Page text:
Holland Cotter
“For nearly 40 years Ms. Lacy’s collaborative, community-based art projects, some involving hundreds of people, have been grappling with matters of race, class and possible social change with a hands-on audacity that few artists can match. This book, with a persuasive introduction by the artist-historian Moira Roth, at last puts Ms. Lacy’s own fluent accounts of her life and work between covers. The result is a moving and feisty document of a committed life, one that students of the art of our time will be grateful for in the years ahead.”
Abigail Solomon-Godeau
“Lacy remains close in spirit to the feminism that emerged in the late '60s. Many of her most significant performances directly addressed women's issues, especially rape, prostitution, pornography and physical aging. With a canny understanding of mass communications. Lacy calibrated her staged actions to garner media attention, and to be readily comprehensible to those outside the art world. One of the most consistent elements of her activity is its emphasis on forming multiracial alliances under the banner of ‘Women.’”
Becky Hunter
“Reflection in and on the present moment–rather than a concern for prestige or posterity–defines and sets apart Lacy’s experimental documents as in some way ‘live’ themselves, making Leaving Art a strong resource for public and live artists working now.”
Sally O’Reilly
“The book, then, performs best as an archive of methods. One text explicitly outlines how to develop a media strategy for a feminist campaign, with excellent practical tips on structuring an event and how to convey its meaning to the media. But, more subliminally, we can gauge throughout how certainty wavers and how uncertainty, when viewed in retrospect, is ultimately productive.”
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Product Details

  • ISBN-13: 9780822345695
  • Publisher: Duke University Press Books
  • Publication date: 8/28/2010
  • Pages: 424
  • Sales rank: 1,094,717
  • Product dimensions: 6.10 (w) x 9.20 (h) x 1.30 (d)

Meet the Author

Suzanne Lacy is an internationally known artist whose work includes installations, video, and large-scale performances on social themes and urban issues. She is also chair of the Master in Fine Arts in Public Practice program at Otis College of Art and Design. Lacy edited the collection Mapping the Terrain: New Genre Public Art and has published more than seventy articles on public and performance art.

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Table of Contents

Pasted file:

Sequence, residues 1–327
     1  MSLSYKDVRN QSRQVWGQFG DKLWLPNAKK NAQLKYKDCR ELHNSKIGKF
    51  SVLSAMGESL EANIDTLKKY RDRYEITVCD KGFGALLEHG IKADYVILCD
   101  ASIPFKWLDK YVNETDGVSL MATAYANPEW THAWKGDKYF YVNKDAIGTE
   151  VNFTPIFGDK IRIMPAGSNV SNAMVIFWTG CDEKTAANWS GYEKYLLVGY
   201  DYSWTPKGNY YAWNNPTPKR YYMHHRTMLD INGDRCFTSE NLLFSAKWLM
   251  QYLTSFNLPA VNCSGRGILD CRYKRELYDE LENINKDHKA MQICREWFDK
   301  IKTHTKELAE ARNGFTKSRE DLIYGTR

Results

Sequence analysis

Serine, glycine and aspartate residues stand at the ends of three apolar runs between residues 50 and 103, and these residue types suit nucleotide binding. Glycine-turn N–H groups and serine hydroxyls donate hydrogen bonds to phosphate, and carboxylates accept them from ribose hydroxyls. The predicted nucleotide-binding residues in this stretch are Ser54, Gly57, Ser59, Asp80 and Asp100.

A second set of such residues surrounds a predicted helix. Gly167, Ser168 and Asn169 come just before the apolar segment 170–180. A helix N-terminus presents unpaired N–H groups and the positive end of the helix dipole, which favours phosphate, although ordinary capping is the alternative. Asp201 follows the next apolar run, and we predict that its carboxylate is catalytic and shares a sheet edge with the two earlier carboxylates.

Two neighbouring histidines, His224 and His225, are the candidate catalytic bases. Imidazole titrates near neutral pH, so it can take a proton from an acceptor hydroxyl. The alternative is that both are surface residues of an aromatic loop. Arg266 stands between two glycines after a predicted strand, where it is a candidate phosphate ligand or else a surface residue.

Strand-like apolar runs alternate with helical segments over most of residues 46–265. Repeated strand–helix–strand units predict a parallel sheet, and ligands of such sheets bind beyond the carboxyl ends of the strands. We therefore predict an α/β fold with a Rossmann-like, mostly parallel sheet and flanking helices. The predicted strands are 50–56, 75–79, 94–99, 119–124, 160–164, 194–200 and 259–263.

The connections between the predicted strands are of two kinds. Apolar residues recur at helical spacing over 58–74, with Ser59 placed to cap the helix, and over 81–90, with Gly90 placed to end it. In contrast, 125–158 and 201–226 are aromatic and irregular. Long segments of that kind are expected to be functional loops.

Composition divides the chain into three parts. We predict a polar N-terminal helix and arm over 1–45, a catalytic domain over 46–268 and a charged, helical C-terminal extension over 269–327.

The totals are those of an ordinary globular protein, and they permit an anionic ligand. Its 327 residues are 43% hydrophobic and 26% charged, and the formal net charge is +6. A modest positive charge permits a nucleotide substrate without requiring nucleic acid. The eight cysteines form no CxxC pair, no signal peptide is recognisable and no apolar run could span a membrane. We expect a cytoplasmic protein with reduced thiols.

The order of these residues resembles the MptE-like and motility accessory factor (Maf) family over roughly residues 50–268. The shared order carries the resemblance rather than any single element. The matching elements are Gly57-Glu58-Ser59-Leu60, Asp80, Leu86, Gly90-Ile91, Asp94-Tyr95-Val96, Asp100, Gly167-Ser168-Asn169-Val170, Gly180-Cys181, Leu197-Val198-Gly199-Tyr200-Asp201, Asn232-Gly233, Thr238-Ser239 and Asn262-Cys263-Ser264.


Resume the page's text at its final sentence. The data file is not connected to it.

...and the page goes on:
Illustrations ix

Preface xiii

Acknowledgments xv

Introduction. Suzanne Lacy: Three Decades of Performing and Writing/Writing and Performing Moira Roth xvii

Part 1 Learning to Look: The Seventies

Introduction 2

1 Prostitution Notes (1974) 5

2 Falling Apart (1980) 20

3 Body Contract (1974) 30

Photo Essay. Learn Where the Meat Comes From (1976) 43

4 Cinderella in a Dragster (1977) 48

5 The Bag Lady: On Memory (1982) 52

6 The Life and Times of Donaldina Cameron (with Linda Palumbo and Kathleen Chang) (1978) 57

7 In Mourning and In Rage (With Analysis Aforethought) (1978) 64

8 Learning to Look: The Relationship between Art and Popular Culture Images (with Leslie Labowitz) (1979) 72

9 Feminist Artists: Developing a Media Strategy for the Movement (with Leslie Labowitz) (1981) 83

10 Time, Bones, and Art: Anatomy of a Decade (1995) 92

Part 2 Political Performance Art: The Eighties

Introduction 108

11 Broomsticks and Banners: The Winds of Change (1980) 109

12 The Greening of California Performance: Art for Social Change-A Case Study (1982) 114

13 Made for TV: California Performance in Mass Media (1982) 120

14 Battle of New Orleans (1980) 126

15 Beneath the Seams (1982) 137

16 In the Shadows: An Analysis of The Dark Madonna (1990) 144

17 Political Performance Art: A Discussion Suzanne Lacy Lucy R. Lippard (1985) 151

Part 3 Debated Territory: The Nineties

Introduction 160

18 The Name of the Game (1991) 161

19 Debated Territory: Toward a Critical Language for Public Art (1994) 172

20 Affinities: Thoughts on an Incomplete History (1994) 185

21 Love, Cancer, Memory: A Few Stories (1996) 194

22 Cancer Notes (with Leslie Becker) (1995) 211

23 What It Takes (with Ann Wettrich) (2002) 222

Part 4 Leaving Art: After 2000

Introduction 236

24 The Skin of Memory/La Piel de la Memoria (with Pilar Riaño-Alcalá) (2006) 237

25 Seeking an American Identity (Working inward from the Margins) (2003) 250

26 Cop in the Head, Cop in the Street (2006) 267

27 Having It Good: Reflections on Engaged Art and Engaged Buddhism (2005) 284

28 Hard Work in a Working-Class Town (2006) 300

29 Tracing Allan Kaprow (2007) 319

Afterword: In er eptions and In ensions-Situating Suzanne Lacy's Practice Kerstin Mey 327

Appendix: Chronology and Selected Performances and Installations 339

Notes 343

Index 369